|Nikolaos Papanikolopoulos, Ph.D., et al.|
On June 14, The Wall Street Journal profiled an 87-year-old man named Milton Greidinger, a homebound retiree. He was participating in a pilot virtual reality program for seniors that aims to help elderly New Yorkers living alone combat isolation and depression through modern technology.
Modern technology is being explored to benefit people's mental health in other ways as well. For example, University of Minnesota scientists are using some of the latest computer software technology to see whether there are differences in movements between children who remain healthy and those who will later develop a psychiatric disorder. Once a set of movement patterns that are associated with common childhood psychiatric disorders is established, the next step will be to conduct longitudinal studies to confirm whether such abnormalities represent risk markers for later development of psychiatric illness.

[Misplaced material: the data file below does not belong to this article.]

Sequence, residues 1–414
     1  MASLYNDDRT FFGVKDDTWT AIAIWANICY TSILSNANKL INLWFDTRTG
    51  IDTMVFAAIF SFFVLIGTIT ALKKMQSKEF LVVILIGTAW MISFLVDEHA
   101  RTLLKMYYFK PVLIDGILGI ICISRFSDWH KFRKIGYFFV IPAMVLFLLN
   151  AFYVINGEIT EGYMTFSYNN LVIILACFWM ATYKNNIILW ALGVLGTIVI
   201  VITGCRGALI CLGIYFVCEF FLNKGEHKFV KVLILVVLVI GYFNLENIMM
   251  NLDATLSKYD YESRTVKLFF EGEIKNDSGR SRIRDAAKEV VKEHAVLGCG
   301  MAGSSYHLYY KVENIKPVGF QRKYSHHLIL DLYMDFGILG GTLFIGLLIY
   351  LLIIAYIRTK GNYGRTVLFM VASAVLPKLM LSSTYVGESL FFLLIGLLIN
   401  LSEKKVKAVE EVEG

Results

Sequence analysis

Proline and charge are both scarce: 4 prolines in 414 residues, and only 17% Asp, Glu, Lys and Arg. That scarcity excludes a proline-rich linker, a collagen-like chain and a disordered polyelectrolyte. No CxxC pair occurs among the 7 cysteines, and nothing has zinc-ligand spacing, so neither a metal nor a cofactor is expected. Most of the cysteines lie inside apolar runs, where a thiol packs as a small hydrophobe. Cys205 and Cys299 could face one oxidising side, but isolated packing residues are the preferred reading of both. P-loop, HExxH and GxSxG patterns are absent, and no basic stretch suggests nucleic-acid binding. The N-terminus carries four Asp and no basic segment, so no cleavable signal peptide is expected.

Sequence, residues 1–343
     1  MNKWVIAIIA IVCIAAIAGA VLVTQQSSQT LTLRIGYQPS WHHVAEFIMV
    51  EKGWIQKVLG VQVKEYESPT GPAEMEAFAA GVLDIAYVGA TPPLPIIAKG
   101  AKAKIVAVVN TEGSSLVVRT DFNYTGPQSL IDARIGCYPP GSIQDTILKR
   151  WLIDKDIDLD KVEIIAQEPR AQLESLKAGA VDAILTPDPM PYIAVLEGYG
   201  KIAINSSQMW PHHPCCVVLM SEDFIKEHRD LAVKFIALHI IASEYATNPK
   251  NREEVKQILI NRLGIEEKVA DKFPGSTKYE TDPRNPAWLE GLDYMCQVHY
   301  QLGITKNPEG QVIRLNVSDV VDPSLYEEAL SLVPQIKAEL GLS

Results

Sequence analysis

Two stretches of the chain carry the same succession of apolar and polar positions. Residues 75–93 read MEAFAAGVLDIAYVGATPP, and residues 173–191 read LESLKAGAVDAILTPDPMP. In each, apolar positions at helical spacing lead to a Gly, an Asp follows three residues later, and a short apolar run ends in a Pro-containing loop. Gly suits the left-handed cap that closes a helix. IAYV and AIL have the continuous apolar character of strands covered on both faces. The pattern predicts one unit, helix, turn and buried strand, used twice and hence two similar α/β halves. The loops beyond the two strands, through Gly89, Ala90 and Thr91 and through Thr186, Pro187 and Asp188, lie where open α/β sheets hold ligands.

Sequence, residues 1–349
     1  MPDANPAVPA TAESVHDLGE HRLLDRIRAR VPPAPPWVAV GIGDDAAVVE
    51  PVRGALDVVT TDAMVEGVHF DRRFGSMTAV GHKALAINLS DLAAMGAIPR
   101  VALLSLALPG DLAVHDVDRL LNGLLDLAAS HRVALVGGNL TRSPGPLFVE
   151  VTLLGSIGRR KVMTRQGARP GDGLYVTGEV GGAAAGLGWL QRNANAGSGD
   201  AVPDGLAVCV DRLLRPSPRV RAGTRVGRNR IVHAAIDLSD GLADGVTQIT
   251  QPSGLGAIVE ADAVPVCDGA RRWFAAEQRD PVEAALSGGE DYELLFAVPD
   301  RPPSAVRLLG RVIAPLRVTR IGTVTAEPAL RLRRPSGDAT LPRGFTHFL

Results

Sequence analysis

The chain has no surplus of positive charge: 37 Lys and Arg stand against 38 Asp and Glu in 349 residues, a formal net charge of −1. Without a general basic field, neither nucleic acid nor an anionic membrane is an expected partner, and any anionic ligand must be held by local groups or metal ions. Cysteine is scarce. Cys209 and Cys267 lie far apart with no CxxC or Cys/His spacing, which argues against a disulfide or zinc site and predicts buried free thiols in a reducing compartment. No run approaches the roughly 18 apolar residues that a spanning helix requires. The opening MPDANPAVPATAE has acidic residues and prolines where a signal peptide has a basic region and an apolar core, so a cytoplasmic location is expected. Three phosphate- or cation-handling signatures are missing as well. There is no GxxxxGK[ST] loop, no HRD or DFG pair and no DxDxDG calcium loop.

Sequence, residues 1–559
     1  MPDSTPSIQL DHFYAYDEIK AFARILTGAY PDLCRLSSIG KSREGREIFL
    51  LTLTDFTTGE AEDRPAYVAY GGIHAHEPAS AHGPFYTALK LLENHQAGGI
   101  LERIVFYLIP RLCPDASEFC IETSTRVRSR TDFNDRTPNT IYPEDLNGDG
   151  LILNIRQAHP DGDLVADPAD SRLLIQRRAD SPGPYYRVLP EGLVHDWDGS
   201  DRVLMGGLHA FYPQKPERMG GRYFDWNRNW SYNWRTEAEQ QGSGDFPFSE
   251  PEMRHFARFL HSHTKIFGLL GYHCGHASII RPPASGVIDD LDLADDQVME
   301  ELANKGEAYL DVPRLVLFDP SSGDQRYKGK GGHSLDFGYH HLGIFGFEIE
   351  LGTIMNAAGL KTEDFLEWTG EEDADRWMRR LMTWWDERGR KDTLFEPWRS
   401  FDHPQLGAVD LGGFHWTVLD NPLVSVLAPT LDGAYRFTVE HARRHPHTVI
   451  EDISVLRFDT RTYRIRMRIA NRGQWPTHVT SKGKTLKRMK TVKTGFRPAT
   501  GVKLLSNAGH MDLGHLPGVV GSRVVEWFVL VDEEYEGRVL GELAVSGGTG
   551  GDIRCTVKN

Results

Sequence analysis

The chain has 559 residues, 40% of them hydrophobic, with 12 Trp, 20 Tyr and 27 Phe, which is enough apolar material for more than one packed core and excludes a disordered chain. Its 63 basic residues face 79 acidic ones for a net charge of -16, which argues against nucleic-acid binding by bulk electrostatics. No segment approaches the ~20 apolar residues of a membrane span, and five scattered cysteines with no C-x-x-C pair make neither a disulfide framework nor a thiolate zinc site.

More information on the use of computer software technology to evaluate differences in movement between children who are healthy and those who may develop a psychiatric disorder can be found in Psychiatric News at http://pn.psychiatryonline.org/content/46/9/22.1.full.